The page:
Monday, June 20, 2005

Budget Update Day One: Statistics a Go-Go

Now that you enjoyed your weekend watching Tiger choke like a dog, Robert Horry drive a stake through the Pistons, and getting an Old Spice gift pack for Father’s Day, it’s time to get back to business.

The state budget is the single largest bill that comes from the Legislature all session, and is perhaps the least understood. As a public service, I am going to try to provide my read on the budget and budget process without putting people to sleep.

Most of the information I will use is provided by the Legislative Fiscal Bureau, and is available to the public on their website. The LFB is the gold standard in state accounting, and is trusted by the Legislature. The LFB is run by Wisconsin’s version of Alan Greenspan, Bob Lang, who has enormous glasses that enable him to see the state’s revenue picture two years into the future. In fact, Lang may not realize it, but if the sun hit his glasses in just the right way, he could be incinerated on the spot. Like an ant, get it?

First, I’ll start with a general budget overview. The total state budget, rewritten every two years, amounts to about $54.3 billion. Of this amount, about half of that is raised through what everybody thinks of as “general” taxes – income, sales, and corporate taxes. The other half of the budget is provided by federal money, program revenue (money from fees, e.g. hunting fees), and segregated revenue.

Both Governor Doyle and the Legislature have written their versions of the budget for the 2005-2007 biennium, and both budgets are stitched together worse than Meg Ryan. Legislative Republicans, though, boast that their budget spends less, borrows less, and uses fewer budgeting tricks than Governor Doyle’s. Let’s take a look:

According to the LFB, the Legislature’s whole budget spends about $355 million less than Doyle’s. However, when one looks at just the general fund budget, where there is currently a deficit, the Legislature’s budget actually spends $88 million more than Doyle’s. Republicans will argue that this is because the Joint Finance Committee had to use general revenue to fill in some of Doyle’s questionable budget tricks, such as borrowing money for medical assistance and raiding the Patient’s Compensation Fund for Medicaid. Over the two-year period, the Legislature’s budget increases spending 6.4% for all funds and 9.9% in general tax revenue.

Bonding is also a large potion of the budget. When the state bonds for things, it essentially takes out a loan, and pays it back over anywhere between two and 20 years. Obviously, the state must pay back more than they borrowed, since interest must be paid (too bad Gary George is in prison – he could have gotten the state a good deal on a payday loan). The way bonding is reported is actually somewhat deceiving – it is listed as “revenue” in the budget, rather than a liability, since the state gets the cash up front. Bonding is a wicked temptress - it allows the state to prop up spending for programs without raising taxes, and pushes the liability off to the future. Generally, the state bonds for capital projects such as roads and buildings.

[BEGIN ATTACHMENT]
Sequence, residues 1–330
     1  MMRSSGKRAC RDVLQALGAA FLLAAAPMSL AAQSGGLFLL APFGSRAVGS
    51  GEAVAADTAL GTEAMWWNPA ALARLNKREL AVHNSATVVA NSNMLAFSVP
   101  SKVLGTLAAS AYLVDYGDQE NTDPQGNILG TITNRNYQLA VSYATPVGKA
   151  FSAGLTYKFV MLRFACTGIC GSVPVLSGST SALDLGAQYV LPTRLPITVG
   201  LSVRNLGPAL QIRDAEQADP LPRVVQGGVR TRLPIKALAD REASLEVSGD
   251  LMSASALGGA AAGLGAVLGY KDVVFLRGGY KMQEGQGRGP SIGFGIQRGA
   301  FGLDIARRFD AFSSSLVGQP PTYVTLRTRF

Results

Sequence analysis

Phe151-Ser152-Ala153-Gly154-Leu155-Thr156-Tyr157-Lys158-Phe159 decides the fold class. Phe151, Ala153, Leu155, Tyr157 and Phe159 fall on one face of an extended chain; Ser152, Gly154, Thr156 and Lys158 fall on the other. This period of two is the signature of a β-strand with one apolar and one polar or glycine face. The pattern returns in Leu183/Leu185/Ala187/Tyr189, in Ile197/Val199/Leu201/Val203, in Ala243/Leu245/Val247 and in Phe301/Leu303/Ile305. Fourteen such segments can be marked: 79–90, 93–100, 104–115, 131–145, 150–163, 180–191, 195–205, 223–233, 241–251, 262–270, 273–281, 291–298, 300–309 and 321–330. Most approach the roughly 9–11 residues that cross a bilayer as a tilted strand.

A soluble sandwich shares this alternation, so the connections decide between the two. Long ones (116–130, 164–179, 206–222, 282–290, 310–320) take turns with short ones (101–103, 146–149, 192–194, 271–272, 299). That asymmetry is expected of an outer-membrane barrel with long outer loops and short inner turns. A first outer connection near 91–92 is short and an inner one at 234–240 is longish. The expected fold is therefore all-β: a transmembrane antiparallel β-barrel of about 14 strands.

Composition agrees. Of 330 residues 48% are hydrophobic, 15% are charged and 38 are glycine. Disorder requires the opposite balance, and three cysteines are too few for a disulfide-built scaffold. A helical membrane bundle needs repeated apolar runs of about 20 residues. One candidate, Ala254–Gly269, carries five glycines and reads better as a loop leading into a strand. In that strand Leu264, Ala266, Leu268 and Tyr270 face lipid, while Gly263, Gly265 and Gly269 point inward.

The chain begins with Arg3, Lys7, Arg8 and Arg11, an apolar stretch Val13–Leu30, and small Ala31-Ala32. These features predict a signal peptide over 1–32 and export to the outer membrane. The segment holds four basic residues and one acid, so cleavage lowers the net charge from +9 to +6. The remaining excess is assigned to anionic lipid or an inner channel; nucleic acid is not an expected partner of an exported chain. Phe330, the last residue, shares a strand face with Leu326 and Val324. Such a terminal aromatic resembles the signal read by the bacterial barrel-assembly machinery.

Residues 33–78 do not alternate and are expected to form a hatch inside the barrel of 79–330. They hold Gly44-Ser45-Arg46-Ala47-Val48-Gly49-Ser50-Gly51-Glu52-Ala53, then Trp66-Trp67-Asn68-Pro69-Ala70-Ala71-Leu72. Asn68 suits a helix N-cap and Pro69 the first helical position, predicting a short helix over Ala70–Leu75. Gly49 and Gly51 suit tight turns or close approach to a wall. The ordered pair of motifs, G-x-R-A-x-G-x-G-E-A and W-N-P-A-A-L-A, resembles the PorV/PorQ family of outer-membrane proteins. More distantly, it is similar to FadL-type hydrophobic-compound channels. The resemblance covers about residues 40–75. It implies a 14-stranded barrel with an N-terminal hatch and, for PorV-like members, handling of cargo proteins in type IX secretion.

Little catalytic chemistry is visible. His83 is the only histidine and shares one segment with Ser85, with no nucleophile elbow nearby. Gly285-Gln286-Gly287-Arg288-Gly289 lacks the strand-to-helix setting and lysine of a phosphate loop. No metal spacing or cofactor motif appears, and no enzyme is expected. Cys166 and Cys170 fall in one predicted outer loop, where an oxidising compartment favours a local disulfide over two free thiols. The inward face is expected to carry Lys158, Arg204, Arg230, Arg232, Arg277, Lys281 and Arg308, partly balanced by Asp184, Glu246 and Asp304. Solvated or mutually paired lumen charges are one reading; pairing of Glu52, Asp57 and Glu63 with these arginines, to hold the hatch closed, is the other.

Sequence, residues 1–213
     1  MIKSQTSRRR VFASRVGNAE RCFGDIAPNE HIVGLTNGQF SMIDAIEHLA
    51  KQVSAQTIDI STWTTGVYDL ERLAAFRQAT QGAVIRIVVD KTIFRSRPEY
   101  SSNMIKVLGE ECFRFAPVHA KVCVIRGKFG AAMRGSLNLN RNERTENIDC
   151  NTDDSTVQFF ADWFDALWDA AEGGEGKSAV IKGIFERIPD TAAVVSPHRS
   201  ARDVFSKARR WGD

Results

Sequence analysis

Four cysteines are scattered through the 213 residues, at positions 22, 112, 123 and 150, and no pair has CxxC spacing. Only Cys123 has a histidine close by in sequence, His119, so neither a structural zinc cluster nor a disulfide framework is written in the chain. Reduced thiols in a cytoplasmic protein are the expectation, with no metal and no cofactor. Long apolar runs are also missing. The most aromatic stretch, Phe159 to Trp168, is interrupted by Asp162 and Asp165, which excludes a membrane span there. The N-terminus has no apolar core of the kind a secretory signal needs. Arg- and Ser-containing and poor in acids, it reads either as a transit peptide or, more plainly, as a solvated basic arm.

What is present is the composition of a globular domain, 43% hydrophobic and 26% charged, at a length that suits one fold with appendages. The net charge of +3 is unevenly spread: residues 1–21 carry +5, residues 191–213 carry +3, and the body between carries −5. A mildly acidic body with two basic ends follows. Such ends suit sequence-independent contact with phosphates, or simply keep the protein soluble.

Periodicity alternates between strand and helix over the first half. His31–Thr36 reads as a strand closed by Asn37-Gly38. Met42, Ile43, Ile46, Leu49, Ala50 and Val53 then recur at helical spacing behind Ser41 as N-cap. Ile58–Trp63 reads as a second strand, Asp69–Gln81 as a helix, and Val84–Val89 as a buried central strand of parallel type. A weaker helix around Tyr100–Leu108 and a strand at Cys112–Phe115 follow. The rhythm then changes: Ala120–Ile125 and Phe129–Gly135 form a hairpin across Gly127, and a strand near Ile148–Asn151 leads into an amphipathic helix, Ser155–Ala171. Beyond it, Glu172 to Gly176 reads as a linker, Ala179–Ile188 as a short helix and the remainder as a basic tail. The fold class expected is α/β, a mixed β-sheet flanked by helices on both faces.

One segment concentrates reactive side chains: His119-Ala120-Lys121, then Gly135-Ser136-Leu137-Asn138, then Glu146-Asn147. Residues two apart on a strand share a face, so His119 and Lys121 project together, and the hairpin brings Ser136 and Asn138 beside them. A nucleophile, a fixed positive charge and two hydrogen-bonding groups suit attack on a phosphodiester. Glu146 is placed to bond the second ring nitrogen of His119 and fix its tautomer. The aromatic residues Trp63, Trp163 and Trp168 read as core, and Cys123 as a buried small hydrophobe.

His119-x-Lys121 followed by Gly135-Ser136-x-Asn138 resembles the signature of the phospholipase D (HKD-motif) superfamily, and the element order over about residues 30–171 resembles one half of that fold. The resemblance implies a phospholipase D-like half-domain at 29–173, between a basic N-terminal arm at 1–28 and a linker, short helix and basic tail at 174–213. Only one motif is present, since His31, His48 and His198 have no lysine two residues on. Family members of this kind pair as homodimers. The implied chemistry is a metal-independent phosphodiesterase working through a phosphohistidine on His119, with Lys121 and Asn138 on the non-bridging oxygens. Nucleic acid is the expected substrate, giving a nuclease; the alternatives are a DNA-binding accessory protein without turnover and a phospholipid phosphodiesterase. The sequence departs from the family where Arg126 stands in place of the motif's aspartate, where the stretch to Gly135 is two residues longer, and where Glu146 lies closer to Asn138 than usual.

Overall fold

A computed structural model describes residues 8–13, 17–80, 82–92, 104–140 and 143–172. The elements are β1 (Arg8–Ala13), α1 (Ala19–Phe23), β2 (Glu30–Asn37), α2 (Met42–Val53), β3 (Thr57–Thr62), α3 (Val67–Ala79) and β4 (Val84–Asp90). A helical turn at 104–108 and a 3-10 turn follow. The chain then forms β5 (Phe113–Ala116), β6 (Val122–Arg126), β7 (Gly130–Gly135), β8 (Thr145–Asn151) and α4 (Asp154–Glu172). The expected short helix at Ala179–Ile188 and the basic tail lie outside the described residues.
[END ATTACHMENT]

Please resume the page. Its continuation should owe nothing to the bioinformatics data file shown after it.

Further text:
The total level of bonding is a concern, since it puts the state into debt. The Legislature’s budget adds about $1.4 billion in bonding to the state’s debt, which is about $600 million less that Doyle’s budget. While this doesn’t do the state any short-term favors, it will help Wisconsin in the long term by cutting down on its “mortgage,” so to speak.

You may hear the Legislature talk about the state’s “structural” deficit, or that the state “keeps two sets of books.” This is because the state budgets on a cash basis, not an accrual basis, meaning that future liabilities are not acknowledged. How programs are funded is almost as important to the future of the state as the level of funding provided. For instance, Doyle’s budget provided $832 million of “one time” funding for ongoing programs, which leaves a funding hole in the next budget. If I get a subscription to Cat Fancy Magazine and my grandmother gives me a check that covers just the first month, I either need to work extra at Krispy Kreme or cut spending on something else to pay out of my pocket next month. For the state, raiding other funds is like grandma’s check (although it smells a lot less like Aqua Net hairspray), in that it will need to either raise taxes or cut spending in the next budget to fund its programs.

The Legislature’s budget doesn’t eliminate the use of one time money, but it does reduce it significantly over Doyle’s. The Legislature provides $486 million in one time cash, which is $412 million less than Doyle provides. This allows the state to reduce the amount it will need in the next budget to balance the budget from $1.3 billion to $863 million, which is still a significant number, and will be dealt with in the 2007-09 budget. In case you didn’t feel old yet, consider that the 2007-09 budget is now on the clock. This structural deficit is likely the reason Republican Senator Rob Cowles voted against the budget in committee - Cowles has made reducing the structural deficit a priority, right behind concealing his bald spot with a horrific combover that appears that he combs his hair with a pork chop.

So while the Legislature’s version of the budget isn’t a perfect document, it lives up to its promise to spend less, borrow less, and use fewer accounting gimmicks (although there are still plenty present).

The budget is scheduled to hit the floor of the Assembly tomorrow, when I will talk about some of the chicanery that occurs during the voting.

Side note: It was nice of Stan Johnson, president of WEAC, the state teachers' union, to take last week off and reprise his role of lead singer of the band Cameo on NBC's "Hit Me Baby One More Time." Johnson and his bandmates performed his hit "Word Up," wearing his signature red codpiece.